WEAK AND DEBILITATED WOMEN.
I'or sale by Druggist * , Oroccri nod Dcalcrg.
Price , Quo Dollar per Bottle.
r } > tiurtiaitt0 r0urtrs4inftrlf UUI oltlivotJcbam
* * t > ni < . aiidtlieDtmt ofroraiiif | tl wn lutottl. ,
071'irsalii Mil of III ! llorky UounUln. ( lc pl tin
T rtttorlM ) . on tla to | ire < -ura 11 from Ui lr deivUr.
t.n lt vw lltf llocenieul. hi i > Uln ce , unmarkedKi
Jireit ohirftl jircp Mhf Itrolltltif Mil lloll.rsto
The Dally Malt Whiskey Co , , Baltimore , Md.
fiend ! ttnt ttfintp for ottrl'ufadtny rontvnipttQnFiiri *
* ! attouttf firnttljtotlif ( > J rs * bttflink utnl our tchl *
rttnrtrt/ffm alt Wattia IHtrtutt , It ran t prtpurrt
ty A y ttonkitptrt AlttHqittrit eeitefrftiigkit formula
Gtttftiiftf ttMtity i * o J ( ff ( o * , if ( It it tA r
/titty ojuiftrt'l } y trtir MtJica fparhnetitt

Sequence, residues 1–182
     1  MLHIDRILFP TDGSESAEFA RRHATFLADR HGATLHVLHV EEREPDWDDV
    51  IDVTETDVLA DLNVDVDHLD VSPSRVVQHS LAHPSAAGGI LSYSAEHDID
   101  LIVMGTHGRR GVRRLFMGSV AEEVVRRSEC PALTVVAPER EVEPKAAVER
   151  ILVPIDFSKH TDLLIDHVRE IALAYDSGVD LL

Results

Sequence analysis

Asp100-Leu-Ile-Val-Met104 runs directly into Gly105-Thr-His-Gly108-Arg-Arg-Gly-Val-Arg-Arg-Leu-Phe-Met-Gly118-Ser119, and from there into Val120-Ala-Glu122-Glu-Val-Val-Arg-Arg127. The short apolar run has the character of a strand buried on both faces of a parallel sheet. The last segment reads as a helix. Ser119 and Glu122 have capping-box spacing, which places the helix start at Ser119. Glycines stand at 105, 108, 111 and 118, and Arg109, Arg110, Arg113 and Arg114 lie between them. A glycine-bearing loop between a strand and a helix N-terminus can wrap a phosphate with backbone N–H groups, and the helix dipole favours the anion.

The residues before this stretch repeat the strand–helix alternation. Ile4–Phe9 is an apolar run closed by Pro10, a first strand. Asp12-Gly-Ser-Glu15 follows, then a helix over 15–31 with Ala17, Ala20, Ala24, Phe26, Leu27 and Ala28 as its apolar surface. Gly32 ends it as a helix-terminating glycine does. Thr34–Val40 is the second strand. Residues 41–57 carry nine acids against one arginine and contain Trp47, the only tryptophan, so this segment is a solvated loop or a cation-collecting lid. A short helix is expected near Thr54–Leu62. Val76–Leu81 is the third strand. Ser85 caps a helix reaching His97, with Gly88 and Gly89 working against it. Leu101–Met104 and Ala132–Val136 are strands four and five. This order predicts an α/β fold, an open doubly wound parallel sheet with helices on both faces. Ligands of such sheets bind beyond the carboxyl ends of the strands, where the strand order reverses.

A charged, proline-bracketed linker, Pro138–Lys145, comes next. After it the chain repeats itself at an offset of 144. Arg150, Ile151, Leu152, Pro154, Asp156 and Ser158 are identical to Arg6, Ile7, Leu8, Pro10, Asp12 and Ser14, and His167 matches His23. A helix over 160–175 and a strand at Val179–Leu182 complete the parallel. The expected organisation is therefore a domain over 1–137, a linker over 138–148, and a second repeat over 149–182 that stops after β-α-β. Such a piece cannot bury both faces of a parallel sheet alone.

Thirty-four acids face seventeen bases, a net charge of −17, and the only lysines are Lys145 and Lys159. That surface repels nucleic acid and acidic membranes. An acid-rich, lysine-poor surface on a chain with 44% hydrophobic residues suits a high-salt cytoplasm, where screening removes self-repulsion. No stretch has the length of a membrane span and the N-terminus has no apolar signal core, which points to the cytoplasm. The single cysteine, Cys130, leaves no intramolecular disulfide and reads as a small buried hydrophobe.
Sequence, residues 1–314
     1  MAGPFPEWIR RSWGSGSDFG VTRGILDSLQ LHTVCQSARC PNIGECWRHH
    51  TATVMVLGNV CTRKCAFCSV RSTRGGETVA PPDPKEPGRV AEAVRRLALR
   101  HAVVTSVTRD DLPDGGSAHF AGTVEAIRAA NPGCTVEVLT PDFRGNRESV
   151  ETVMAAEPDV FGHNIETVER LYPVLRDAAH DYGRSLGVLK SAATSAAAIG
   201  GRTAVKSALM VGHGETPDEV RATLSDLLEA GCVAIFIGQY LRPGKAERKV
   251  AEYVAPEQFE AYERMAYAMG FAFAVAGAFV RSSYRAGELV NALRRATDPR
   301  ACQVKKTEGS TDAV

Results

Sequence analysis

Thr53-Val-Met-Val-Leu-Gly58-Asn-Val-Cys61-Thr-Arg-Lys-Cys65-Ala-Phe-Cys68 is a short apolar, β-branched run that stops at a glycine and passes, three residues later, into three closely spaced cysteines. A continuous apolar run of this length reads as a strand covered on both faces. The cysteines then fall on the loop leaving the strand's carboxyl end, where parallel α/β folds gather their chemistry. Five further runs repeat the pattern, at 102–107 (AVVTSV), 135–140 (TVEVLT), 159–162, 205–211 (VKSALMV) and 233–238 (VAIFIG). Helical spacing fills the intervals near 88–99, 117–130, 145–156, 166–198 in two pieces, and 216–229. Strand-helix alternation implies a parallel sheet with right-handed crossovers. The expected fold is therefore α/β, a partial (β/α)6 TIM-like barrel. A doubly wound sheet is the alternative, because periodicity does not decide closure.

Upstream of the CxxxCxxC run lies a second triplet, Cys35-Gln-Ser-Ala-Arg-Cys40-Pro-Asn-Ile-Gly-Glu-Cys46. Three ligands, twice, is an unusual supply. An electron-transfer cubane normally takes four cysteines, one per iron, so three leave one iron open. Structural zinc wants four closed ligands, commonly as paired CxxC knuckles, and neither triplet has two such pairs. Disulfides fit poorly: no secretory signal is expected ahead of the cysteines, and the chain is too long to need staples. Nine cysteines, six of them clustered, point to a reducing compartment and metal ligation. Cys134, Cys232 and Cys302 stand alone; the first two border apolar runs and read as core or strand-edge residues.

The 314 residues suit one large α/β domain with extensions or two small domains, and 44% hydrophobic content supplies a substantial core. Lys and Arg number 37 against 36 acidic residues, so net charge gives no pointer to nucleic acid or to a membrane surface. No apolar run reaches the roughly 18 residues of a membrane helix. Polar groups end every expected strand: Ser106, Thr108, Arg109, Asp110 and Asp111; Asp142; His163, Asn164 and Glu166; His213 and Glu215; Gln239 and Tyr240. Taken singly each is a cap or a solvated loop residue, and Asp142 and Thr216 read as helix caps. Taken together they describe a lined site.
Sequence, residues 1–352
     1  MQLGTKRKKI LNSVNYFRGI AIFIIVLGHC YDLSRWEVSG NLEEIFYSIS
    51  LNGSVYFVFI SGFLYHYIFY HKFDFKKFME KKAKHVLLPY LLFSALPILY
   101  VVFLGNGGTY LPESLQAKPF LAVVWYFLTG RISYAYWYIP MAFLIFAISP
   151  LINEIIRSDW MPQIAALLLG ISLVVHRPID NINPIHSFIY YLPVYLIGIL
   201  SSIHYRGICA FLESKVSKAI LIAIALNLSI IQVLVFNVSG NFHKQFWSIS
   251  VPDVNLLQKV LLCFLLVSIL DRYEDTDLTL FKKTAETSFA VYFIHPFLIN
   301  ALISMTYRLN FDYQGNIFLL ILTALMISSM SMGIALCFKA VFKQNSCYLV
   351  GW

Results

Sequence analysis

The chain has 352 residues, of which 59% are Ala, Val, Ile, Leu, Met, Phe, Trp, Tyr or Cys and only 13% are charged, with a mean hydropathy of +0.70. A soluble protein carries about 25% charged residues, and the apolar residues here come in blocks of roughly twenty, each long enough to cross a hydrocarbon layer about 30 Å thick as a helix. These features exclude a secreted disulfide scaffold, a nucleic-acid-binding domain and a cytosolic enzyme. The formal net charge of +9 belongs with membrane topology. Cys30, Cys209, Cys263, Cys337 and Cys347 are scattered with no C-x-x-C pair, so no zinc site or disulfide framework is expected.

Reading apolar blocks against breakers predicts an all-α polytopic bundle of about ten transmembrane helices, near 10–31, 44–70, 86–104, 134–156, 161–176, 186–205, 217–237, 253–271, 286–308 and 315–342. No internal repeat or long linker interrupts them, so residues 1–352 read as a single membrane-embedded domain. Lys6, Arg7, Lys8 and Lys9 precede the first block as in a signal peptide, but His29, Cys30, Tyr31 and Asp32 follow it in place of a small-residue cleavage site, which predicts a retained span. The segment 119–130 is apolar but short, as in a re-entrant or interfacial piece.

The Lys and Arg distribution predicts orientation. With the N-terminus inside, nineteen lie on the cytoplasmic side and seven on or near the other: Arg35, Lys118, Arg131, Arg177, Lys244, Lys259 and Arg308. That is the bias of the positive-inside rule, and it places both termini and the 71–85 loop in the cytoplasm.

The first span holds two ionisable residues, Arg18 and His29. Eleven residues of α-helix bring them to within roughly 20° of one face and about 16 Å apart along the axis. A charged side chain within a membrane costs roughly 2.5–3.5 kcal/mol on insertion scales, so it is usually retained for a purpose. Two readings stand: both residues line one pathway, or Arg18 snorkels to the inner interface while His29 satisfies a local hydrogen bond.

Nebraska National Bank
OMAHA , NKUIUSKA.
Poidup Capital . $850 , OOO
Burphib . 30,000
II. W. Viilos , J'rosidont.
A. K. Tou/.alin. Vii-.n J'rcfllilont.
\V. II. S.Jliajhiwi , Cashier.
} V. V. Morse , John S. rolling ,
H. W . Yutcs , Lewis S , Keeil ,
A. K. Touzalin.
BANKING OFFICE :
THE IRON RANK ,
Cor 12th and Furmun Hts
J > i nic.ss Transacted.
PUTS AND CALLS.
OnVlioiil , Com. Outs , I'oik. J.iml anil H. K ,
fc , for l.onn anil Hliort Time. Bond lor I'ricd
nlV- H < ' ' "Altr A Co1W ! WiiBhlnifloii
Cliluu u , III. Kultiroliou ! American J'x
A Tiio Chicago Mail ,
Gliicago a tirliilit. untcrprlw
IHK. uii'l ' rollutla
Daily fHlitcd by VraiiK
jlntton ouil Clinton
luld.to . . . . .
In ilia tj. ri. ur C u-
ndn ( or t'J.50 rcr nil *
fwt r- r i- * . nu mi 0 iiiuiitlm ,
S2.50 ' ' -
TU _ _ _ iiottuKo slnnii ) > ,
J. OJ ? pontnl note. iiOflul
urdur , or rcyintiTcd
.A. tT n 11 m JKlf"rJIM cth-ur
. . .
_ . * - jH-l.l-IJ.t Chicago. III. _
KKKSK1U , ( N. J. ) HM.n'AUV APAliF > T.
Col. C. J. WmauT , II. S. , A. il. , 1'rlui-ij.r.U ,